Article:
6 Ideas About Ancient Egypt We Believe Thanks to Movies

Cinema is one of the most popular kinds of art and what entire mass culture is often based on. Thanks to films, we develop certain ideas about famous people, countries, and time periods. But not all of them are true.

Hieroglyphs are a secret code.

In Ancient Egypt, they used 3 writing systemshieroglyphichieratic, and demotic. The most beautiful and complicated one of them, hieroglyphics, was used to decorate monuments. The text written on rock or wood could be sacred or just stories. So if ancient Egyptians wanted to encrypt secret knowledge, they wouldn’t use hieroglyphs that many people could read.

There were a lot of legends about hieroglyphs. The last hieroglyphic writing dates back to 394 BCE. Sometime later, the last person that could write with hieroglyphs died.

For many years, nobody knew what hieroglyphs were until French linguist Jean-François Champollion deciphered the writing in 1822.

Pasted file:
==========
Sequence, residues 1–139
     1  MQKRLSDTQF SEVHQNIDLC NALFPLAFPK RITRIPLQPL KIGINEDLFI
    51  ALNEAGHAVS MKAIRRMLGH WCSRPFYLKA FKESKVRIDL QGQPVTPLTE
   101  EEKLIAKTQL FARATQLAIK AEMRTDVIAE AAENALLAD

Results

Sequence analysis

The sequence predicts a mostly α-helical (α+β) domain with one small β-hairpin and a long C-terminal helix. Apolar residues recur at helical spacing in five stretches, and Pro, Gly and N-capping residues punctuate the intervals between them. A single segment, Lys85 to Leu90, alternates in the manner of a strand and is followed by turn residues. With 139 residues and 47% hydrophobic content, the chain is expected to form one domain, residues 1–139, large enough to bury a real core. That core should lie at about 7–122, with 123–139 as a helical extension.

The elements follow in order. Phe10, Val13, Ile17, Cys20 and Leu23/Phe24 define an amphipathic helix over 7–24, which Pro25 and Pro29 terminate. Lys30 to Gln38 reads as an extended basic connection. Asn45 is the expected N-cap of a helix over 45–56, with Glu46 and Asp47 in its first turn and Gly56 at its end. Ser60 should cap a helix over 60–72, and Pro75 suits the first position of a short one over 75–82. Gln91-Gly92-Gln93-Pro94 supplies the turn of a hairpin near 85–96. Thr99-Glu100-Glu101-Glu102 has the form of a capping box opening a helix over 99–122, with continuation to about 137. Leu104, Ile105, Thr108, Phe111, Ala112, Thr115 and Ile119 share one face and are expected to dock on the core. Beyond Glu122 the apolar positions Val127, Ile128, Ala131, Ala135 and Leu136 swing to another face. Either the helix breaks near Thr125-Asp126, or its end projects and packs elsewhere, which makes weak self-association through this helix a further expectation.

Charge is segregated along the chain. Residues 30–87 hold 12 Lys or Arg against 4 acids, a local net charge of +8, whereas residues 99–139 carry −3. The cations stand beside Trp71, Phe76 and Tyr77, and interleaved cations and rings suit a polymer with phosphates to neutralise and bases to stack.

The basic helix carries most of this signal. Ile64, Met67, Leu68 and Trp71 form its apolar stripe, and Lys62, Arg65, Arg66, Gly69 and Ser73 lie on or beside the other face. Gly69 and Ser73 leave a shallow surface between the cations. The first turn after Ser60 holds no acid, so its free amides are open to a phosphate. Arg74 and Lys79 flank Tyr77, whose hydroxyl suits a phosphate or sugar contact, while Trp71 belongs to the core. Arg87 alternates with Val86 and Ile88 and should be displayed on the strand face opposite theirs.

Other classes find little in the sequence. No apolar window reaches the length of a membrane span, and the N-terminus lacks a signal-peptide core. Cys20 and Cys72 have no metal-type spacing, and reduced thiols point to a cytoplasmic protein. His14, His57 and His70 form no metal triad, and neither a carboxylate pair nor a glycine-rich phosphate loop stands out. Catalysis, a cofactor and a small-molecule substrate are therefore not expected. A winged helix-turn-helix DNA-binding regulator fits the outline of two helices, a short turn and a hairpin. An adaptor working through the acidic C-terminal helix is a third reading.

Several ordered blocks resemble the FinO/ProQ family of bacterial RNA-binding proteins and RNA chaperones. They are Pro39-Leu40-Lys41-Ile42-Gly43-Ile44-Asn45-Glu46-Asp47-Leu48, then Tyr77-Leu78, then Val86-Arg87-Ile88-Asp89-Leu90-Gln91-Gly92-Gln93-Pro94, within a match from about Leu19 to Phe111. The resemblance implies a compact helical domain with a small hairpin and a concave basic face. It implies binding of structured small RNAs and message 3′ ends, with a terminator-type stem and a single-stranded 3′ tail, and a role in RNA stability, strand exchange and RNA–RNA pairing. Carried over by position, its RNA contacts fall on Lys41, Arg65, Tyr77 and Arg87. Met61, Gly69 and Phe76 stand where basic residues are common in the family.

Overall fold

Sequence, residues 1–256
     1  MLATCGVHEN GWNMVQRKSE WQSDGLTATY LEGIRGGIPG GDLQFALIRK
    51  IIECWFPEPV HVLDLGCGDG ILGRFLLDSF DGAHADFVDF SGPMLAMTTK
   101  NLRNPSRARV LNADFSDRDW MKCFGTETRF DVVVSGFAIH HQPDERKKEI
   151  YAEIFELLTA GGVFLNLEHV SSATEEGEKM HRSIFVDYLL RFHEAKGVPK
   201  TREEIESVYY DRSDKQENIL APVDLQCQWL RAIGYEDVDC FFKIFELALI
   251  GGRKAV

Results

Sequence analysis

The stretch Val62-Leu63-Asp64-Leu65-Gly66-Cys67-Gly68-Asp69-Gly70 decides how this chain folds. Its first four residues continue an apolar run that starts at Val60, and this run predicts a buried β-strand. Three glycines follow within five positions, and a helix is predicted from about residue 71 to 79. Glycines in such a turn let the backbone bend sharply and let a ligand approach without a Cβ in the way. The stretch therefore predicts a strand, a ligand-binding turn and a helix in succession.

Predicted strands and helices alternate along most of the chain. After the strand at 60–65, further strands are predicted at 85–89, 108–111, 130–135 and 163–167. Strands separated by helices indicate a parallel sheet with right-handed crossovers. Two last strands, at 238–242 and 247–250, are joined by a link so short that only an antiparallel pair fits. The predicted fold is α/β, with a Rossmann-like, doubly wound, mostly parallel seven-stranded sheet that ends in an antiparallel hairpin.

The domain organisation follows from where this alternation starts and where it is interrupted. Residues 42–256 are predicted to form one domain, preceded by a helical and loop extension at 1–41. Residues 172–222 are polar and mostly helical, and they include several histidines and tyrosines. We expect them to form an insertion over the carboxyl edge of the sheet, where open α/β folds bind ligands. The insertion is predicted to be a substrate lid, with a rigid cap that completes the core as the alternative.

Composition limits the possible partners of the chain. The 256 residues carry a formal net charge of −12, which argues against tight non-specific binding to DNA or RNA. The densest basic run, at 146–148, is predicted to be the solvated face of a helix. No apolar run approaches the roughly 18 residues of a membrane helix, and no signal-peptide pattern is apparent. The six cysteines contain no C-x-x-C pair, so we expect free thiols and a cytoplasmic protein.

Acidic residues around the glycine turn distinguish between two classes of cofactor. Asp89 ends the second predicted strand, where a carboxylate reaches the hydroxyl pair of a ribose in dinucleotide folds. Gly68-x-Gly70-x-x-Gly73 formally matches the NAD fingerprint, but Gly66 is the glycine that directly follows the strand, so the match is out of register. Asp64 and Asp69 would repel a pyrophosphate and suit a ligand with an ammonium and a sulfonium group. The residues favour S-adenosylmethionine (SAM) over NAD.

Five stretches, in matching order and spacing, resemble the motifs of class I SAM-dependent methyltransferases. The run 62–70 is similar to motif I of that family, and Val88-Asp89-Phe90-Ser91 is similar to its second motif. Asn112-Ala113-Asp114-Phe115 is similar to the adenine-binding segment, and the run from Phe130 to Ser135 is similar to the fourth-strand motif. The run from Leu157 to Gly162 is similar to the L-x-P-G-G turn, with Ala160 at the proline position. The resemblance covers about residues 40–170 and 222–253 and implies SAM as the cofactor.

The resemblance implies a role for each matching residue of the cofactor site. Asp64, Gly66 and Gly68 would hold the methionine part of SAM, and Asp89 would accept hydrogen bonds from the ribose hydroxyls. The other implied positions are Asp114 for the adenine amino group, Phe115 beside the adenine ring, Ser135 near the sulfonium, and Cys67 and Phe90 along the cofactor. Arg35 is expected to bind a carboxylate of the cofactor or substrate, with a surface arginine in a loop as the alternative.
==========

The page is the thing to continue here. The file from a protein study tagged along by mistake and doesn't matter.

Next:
Archaeologists can understand the language of Ancient Egyptians.

Almost every movie about Ancient Egypt contains a scene where the main character (usually an adventurous archaeologist) finds an ancient scroll and starts reading the text on it. But the thing is, there was no such thing as the Ancient Egyptian language. Egyptians spoke a lot of different dialects. So no matter how educated the scientist is, they can’t know all the dialects.

Another problem is that we don’t know what the language actually sounded like.

Pharaohs didn’t wear hats and Cleopatra used wigs.

During almost all the periods of Ancient Egypt, hats and wigs were the most important accessories for men and women. Hats protected people from the sun and lice, and they were also an indicator of status and power. For example, Ramses II never appeared in public without a hat. Even in his chambers, he always wore one of his hats.

Yet in Ridley Scott’s Exodus: Gods and Kings, Joel Edgerton, who portrayed the Egyptian ruler, didn’t have anything on his head for the entire movie.